Twin Cities janitors win metro-wide union recognition
Minnesota janitors stage protest/ AP

MINNEAPOLIS — In a significant win for low-wage workers nationwide, janitors at major department stores and groceries in the Twin Cities have voted to unionize.

This is the first time that janitors throughout a major metro area have organized together.

In several communities across the nation, low wage workers have successfully organized for a $15 minimum wage and paid safe and sick time. Now. workers who clean Target, Best Buy, Macy’s and other stores in the Twin Cities have gained union representation.

The win comes after six years of rallies, lawsuits and strikes, and harassment by the managements.

“We’re happy and we’re proud that we’ve changed the industry,” said Maricela Flores, a retail janitor who spent countless hours in recent years organizing through a Twin Cities-based worker center, Centro de Trabajadores Unidos en la Lucha/Center of Workers United in Struggle (CTUL).

The workers, employed by subcontractors to clean major department and grocery stores, are largely immigrants and workers of color.

Some of the changes workers have won in their long battle:

  • Through two federal class action lawsuits, retail janitors recovered $1.1 million in unpaid wages and damages.
  • Workers pressured contractors to raise wages by $2.50 an hour – the first raises in more than a decade of declining pay.
  • In 2014, they convinced Target to adopt a Responsible Contractor Policy for the contracted cleaning of their stores. This year, Best Buy, Macy’s and other retail giants made the same commitment.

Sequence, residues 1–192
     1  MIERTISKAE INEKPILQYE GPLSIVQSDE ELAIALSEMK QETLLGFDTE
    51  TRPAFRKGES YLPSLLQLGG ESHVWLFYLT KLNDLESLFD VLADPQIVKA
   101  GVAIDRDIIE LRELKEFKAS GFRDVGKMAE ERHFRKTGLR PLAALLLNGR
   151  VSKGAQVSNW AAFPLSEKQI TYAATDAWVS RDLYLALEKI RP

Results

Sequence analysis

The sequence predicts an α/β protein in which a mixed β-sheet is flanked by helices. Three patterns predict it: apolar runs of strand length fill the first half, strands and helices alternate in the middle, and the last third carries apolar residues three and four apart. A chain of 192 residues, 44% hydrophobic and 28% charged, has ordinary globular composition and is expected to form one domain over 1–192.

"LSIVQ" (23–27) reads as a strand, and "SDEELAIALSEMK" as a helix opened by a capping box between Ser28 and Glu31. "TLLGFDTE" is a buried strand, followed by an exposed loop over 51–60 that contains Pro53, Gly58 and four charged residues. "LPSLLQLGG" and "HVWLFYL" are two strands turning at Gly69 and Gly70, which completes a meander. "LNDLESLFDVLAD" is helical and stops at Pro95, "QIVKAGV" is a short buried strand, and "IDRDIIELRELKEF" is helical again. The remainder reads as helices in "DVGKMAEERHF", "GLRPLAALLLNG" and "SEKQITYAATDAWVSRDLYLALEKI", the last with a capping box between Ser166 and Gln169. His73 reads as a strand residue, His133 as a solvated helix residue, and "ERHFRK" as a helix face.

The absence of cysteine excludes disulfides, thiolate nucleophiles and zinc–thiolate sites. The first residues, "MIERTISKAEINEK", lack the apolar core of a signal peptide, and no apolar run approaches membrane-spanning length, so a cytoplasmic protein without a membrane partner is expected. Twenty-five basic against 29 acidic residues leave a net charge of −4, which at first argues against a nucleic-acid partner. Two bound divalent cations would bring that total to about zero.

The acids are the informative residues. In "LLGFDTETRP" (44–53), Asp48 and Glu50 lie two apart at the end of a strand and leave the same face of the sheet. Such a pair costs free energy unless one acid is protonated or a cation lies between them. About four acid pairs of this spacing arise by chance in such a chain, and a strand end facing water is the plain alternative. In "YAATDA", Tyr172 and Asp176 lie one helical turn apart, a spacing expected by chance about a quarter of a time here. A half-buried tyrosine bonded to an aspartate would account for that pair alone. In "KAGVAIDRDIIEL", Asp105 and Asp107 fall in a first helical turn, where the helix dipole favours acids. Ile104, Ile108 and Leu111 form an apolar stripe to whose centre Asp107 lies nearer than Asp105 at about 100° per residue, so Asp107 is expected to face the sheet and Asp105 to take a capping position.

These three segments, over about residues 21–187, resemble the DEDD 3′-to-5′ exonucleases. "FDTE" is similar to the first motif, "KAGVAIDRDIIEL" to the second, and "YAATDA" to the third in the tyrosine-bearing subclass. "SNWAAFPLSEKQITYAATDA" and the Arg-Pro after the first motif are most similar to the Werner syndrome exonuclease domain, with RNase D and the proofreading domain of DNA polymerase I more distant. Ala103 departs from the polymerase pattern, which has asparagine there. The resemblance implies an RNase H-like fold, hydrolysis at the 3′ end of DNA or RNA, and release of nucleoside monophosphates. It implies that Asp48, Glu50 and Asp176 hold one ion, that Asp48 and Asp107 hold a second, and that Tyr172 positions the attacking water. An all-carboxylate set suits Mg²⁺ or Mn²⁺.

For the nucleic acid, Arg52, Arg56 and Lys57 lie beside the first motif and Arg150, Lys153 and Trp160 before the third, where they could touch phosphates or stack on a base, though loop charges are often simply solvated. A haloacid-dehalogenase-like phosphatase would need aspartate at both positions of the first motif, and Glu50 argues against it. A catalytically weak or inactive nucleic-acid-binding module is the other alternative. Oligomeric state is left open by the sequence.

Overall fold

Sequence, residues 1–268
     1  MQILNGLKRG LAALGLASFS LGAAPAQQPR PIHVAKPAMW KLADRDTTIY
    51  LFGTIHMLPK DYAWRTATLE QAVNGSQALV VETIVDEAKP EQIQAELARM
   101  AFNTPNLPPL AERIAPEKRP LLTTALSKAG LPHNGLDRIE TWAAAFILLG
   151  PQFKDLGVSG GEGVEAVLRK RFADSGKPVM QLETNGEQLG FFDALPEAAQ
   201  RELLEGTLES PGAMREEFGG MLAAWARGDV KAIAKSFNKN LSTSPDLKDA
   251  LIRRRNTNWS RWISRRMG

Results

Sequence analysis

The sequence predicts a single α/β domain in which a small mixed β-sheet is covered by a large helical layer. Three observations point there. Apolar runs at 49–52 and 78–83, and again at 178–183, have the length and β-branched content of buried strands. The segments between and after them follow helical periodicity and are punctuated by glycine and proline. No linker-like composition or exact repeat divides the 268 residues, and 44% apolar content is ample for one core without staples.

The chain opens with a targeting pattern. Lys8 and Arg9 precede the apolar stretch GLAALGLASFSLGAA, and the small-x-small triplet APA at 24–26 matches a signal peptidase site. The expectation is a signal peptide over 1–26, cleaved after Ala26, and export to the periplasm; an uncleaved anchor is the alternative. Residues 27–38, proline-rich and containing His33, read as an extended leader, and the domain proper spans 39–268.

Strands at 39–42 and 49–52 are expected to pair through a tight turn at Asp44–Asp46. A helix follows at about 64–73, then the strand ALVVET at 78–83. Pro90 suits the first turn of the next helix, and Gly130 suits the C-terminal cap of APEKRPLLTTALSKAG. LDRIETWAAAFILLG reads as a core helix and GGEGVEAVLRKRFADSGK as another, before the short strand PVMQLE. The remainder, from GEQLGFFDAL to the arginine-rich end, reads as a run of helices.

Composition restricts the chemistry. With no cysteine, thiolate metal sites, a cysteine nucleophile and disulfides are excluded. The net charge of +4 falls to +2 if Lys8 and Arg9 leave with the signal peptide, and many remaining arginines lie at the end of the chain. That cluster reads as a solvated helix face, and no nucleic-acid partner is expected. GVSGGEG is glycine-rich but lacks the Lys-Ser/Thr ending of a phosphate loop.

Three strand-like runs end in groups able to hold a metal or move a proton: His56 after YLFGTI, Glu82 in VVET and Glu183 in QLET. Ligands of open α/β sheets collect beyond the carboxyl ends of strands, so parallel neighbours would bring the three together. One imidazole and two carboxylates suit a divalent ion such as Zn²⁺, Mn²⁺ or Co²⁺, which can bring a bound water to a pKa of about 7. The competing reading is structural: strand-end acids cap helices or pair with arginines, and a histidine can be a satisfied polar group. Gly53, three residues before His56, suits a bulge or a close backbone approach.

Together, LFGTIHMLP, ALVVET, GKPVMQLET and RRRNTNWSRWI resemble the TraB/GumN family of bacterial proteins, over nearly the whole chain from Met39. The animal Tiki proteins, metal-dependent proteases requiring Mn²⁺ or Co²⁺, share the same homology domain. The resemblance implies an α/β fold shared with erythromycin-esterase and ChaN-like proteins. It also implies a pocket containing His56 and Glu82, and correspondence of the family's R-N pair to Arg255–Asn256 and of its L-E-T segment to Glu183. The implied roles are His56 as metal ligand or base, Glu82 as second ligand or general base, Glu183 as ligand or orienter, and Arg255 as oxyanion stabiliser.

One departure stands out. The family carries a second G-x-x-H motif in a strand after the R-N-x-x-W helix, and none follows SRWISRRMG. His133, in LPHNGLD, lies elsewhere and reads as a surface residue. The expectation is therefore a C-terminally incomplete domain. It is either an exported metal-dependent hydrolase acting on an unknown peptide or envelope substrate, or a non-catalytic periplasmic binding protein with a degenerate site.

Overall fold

Some 1,000 workers are employed in retail cleaning in the Twin Cities, CTUL said. More than 500 employed by four contractors—Carlson Building Maintenance, Prestige Maintenance USA, IFS and Leones—are now represented by the union.

Organizing will continue among other workers, but will be made easier by the standards set by the unionized janitorial workforces at Target, Best Buy, Macy’s, Cub Foods, Lunds & Byerly’s and Whole Foods.

From its inception, the movement to organize retail has been worker-led. Retail cleaners such as Flores – the mother of five – and Pascual Tapia Vega – a janitor at Target – went store-by-store to mobilize co-workers.

“We fought in the cold. We fought in the rain,” said Tapia Vega.

“What motivates me to fight is when I sit at the dinner table and look at the faces of my kids,” said Flores.


CONTRIBUTOR

Barb Kucera
Barb Kucera

Barb Kucera has been editor of Workday Minnesota since its launch in 2000. She also currently is director of the Labor Education Service, which publishes Workday. Barb has degrees in journalism and industrial relations and a background in communications, including 14 years as editor of The Union Advocate, the official publication of the St. Paul Regional Labor Federation. She is an associate member of the Minnesota Newspaper and Communications Guild/CWA Local 37002.

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